Making sense of COVID-19 vaccination data
COVID-19 vaccination in Ntchisi district
A typical working day for Brave Kalambo is long and hard. During the day, the data clerk at Malomo Health Centre in Ntchisi compiles records from the facility’s outpatient department (OPD).
At 4:30 pm, however, as other health workers retire to their homes, Kalambo and another data clerk ready themselves for a different assignment: capturing COVID-19 vaccination data that health surveillance assistants (HSAs) have recorded in their registers.
Some of this data is fresh, collected by HSAs who had gone out for the current COVID-19 vaccination campaign, while the other is historical, ranging from the time vaccination against COVID-19 started in 2021.
“When vaccination against COVID-19 started, we would go out with HSAs and collect data as it was being produced, but eventually HSAs started going out by themselves because we also needed to perform our regular roles. This created a backlog. It came to a point where we had a lot of data that had not been digitised,” Kalambo says.
The backlog of data was a headache to anyone who wanted to make sense of it and plan further interventions to scale up vaccination.
“Ntchisi was the best in this COVID-19 vaccination. We beat the national target. We achieved 37 per cent when the national target was 32 per cent,” he says.
However, claiming that Ntchisi had vaccinated 37 per cent of the eligible population was easy, but backing it up was a different matter altogether because Ntchisi DHO did not have information in the One Health Surveillance Platform (OHSP), a Ministry of Health digital portal that captures health information.
“We just started vaccinating people without knowing where this data would be stored, where it would be captured,” he says.
Added to that, Banda explains, was the realisation that no one could monitor the information and evaluate how the vaccination campaign had addressed the challenge of COVID-19.
“There was a gap between the data in the register and the data that was supposed to be in OHSP for anyone to access and do the analysis anywhere. So, to clear that gap, we needed support from different partners,” Banda says.
Since the vaccination started in 2021, Ntchisi District Health Office had vaccinated 300,000 people but had a backlog data of 193,000 records that needed to be recorded in OHSP.
With funding from the Government of Ireland, through UNICEF Malawi, Ntchisi DHO has cleared the backlog data from 193,000 to the current 43,000 records.
“We worked retrospectively just to clear the backlog data by going back to the health facilities and outreach clinics conducting the vaccination campaign and collecting all the information there,” he says.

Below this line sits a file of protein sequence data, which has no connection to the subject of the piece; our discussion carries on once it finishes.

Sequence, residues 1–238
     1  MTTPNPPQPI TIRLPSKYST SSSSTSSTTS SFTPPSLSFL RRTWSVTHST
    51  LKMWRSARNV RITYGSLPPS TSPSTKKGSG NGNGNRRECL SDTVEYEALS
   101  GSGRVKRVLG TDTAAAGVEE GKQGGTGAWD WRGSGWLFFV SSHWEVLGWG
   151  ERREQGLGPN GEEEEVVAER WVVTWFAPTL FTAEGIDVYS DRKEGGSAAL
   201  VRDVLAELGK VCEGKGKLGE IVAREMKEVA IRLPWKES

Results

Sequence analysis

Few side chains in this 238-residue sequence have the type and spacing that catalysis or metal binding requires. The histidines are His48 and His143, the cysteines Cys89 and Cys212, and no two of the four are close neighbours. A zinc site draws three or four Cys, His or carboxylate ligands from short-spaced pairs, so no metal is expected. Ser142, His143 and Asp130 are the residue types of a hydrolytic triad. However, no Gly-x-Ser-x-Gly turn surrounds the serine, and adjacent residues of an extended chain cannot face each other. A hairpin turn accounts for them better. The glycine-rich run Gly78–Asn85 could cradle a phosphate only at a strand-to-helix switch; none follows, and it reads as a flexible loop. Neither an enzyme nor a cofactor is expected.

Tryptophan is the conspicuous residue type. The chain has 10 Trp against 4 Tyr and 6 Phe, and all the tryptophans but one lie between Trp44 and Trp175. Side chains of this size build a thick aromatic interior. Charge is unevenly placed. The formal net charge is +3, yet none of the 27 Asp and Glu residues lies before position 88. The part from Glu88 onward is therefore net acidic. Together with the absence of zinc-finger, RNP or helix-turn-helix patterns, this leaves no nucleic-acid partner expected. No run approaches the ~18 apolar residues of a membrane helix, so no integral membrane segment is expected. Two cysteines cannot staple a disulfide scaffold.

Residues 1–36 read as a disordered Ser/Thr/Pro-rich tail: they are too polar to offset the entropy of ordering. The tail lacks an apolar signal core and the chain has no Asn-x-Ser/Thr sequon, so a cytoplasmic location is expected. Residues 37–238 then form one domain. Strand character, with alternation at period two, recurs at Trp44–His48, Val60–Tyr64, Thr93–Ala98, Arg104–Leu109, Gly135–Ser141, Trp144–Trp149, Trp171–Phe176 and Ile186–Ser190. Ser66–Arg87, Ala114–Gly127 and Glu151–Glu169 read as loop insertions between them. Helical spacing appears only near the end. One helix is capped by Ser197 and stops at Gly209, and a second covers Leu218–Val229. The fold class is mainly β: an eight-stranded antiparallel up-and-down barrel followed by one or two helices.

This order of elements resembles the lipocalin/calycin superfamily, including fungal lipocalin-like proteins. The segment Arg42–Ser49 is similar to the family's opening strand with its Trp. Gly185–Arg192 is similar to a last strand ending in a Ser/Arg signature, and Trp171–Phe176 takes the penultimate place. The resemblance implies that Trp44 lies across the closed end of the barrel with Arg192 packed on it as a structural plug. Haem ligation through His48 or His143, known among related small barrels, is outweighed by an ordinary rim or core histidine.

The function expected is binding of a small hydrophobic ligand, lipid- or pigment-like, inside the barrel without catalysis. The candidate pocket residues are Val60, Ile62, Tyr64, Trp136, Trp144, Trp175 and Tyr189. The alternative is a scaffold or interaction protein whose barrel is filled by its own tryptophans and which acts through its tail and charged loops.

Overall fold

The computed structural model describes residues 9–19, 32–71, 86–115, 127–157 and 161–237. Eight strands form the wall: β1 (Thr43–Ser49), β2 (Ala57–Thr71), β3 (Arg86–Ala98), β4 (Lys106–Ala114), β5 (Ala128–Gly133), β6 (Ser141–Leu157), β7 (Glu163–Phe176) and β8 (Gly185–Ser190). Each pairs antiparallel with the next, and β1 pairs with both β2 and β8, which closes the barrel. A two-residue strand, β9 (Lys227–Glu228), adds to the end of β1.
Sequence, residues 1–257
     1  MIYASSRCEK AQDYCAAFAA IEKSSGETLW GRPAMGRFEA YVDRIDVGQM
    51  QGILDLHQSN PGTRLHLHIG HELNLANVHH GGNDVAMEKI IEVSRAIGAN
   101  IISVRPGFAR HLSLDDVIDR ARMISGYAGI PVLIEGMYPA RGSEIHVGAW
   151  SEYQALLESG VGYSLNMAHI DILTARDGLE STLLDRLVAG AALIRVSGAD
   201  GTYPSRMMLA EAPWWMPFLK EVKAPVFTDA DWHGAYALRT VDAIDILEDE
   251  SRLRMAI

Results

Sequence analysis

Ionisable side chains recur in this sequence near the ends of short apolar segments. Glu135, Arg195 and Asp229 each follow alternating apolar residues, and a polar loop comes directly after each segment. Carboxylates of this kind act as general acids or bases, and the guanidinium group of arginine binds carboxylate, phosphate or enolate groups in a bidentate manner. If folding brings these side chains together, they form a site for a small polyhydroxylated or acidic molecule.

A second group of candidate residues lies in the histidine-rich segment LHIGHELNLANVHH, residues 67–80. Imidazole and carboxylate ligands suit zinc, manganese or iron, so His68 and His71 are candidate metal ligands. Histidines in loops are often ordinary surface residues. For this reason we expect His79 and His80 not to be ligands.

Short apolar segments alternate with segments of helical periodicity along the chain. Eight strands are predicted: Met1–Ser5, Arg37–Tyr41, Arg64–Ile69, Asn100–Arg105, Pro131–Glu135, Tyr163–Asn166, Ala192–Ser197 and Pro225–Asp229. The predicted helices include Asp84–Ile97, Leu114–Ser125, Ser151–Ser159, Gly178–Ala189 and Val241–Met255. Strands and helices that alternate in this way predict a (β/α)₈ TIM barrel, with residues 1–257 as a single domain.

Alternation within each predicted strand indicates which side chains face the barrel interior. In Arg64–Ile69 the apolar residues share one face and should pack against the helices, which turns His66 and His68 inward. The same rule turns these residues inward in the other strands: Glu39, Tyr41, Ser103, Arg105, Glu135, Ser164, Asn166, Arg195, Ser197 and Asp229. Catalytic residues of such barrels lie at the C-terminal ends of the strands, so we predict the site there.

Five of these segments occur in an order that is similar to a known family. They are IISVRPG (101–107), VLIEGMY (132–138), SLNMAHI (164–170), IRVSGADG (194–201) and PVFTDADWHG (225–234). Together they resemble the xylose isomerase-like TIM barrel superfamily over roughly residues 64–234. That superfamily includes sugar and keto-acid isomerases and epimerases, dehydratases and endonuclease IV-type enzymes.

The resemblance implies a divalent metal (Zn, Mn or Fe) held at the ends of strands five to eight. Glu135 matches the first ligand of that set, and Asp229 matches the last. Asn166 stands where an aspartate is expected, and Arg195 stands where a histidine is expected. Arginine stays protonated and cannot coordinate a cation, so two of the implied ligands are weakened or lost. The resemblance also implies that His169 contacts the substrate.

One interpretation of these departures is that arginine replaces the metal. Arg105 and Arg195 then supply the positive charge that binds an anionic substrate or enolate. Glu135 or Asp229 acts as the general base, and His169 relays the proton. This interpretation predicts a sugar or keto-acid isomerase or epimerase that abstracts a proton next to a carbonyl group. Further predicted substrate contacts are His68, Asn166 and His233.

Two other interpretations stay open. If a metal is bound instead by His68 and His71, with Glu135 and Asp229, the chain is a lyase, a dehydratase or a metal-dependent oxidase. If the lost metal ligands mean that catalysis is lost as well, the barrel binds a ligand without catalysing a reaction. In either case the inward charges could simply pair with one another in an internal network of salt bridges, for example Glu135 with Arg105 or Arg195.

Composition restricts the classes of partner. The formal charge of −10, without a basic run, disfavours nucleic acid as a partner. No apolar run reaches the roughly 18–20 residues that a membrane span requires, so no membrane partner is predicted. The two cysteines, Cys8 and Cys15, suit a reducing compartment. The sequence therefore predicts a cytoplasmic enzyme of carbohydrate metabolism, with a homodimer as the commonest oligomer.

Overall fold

The data team worked hours into the night during working days and weekends to capture as much data as possible.
Ntchisi has 15 registered facilities against 12 data clerks, five of whom are based at the district hospital. This creates a problem as the data clerks are overwhelmed with work. They must combine their regular work, compile OPD registration records, produce reports for all departments, and capture COVID-19 data.
“In view of the Covid-19 vaccination campaign, they have to collect registers from all HSAs. But most of these HSAs stay away from the health centre. For example, Chinthembwe Health Centre has 26 HSAs against one data clerk, but only seven reside close to the health facility. So we need transport to go and collect the registers from the health posts,” he says.
But, as Banda explains, the data team is pulling out all the stops to ensure all data about COVID-19 is compiled and digitised.
“We have a problem in data storage because we are paper-based. But these [paper] registers may be damaged. Storing this information is a hassle because we don't have storage equipment such as cabinets, so we may lose it if we don't store it modernly. If we enter this data into the OHSP, it will be stored safely, and one can access it anywhere as long as they have user credentials,” he says.
Digitising the information, he adds, aids in decision-making to ensure that critical populations such as guardians of children are protected.
“We are targeting guardians because they can take care of their child if they are protected. But if they are not protected, the child may also be at risk because they cannot look after the child should they get sick. To provide for the child requires healthy guardians,” Banda says.
By January 2023, almost 3.5 million Malawians had been fully vaccinated against COVID-19, while 4.5 million had received at least one dose. The country registered 2,686 deaths due to COVID-19.
Digitisation of the COVID-19 vaccination data has helped Ntchisi DHO disaggregate the data by comorbidities, gender, age, village, and facility, among other characteristics, which, as Banda explains, has helped policymakers develop targeted vaccination interventions.